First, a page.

Mr Shaw will appear at a hearing of the US Senate Committee on Environment and Public Works, to address what committee Democrats called “environmental and public health threats” resulting from the 3 February derailment.
“I am deeply sorry for the impact this derailment has had on the people of East Palestine and surrounding communities, and I am determined to make it right,” Mr Shaw said in prepared remarks released ahead of Thursday’s hearing.
He added that the railroad will do the “right thing” with a $20 million commitment to help the community recover.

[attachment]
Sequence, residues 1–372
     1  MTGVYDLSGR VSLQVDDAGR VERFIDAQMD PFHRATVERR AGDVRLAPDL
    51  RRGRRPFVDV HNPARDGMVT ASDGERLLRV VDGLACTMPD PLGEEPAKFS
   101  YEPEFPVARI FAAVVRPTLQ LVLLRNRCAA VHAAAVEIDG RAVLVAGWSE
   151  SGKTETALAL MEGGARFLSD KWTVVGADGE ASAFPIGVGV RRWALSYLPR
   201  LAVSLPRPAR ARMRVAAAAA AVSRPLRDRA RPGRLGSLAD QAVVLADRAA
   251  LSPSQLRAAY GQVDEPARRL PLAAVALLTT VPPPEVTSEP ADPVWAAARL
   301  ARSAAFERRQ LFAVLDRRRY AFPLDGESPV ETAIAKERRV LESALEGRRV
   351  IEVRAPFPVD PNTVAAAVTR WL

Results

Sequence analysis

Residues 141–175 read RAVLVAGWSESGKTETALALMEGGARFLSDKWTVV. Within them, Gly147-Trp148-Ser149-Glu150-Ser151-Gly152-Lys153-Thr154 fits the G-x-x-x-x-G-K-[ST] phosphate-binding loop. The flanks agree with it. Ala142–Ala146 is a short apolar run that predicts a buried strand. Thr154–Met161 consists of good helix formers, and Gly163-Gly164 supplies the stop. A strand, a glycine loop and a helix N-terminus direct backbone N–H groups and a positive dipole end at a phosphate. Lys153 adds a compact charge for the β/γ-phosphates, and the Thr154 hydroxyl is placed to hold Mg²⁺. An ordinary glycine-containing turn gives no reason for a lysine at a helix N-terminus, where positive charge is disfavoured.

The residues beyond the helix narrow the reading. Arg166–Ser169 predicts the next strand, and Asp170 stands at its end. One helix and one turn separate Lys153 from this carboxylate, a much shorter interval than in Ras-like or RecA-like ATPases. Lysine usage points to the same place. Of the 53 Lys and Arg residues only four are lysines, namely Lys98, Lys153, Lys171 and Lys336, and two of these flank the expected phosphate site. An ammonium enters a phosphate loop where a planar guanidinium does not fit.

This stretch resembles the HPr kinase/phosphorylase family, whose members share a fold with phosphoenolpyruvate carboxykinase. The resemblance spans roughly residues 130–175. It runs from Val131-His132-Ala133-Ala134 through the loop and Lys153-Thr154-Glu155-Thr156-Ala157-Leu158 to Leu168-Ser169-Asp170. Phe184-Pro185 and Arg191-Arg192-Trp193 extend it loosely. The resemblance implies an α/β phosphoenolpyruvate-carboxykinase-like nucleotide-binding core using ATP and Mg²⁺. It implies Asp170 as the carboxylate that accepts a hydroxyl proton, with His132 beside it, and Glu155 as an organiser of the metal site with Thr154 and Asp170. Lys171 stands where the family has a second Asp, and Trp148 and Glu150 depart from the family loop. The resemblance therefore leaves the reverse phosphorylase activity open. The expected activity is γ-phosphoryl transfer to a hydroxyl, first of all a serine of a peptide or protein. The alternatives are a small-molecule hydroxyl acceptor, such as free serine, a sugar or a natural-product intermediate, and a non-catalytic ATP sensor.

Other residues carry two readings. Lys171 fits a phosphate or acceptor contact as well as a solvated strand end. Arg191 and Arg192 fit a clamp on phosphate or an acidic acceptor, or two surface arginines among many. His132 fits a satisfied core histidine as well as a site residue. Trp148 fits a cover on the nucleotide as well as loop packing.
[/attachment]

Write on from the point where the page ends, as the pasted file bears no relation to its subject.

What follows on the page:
While no one was injured in the crash, state and local officials decided to release and burn toxic vinyl chloride from five tanker cars, prompting the evacuation of half of the roughly 5,000 residents of East Palestine.
The scenes of billowing smoke above the village, as well as outcry from residents that they are still suffering from illnesses, has turned the derailment into a high-profile national incident.
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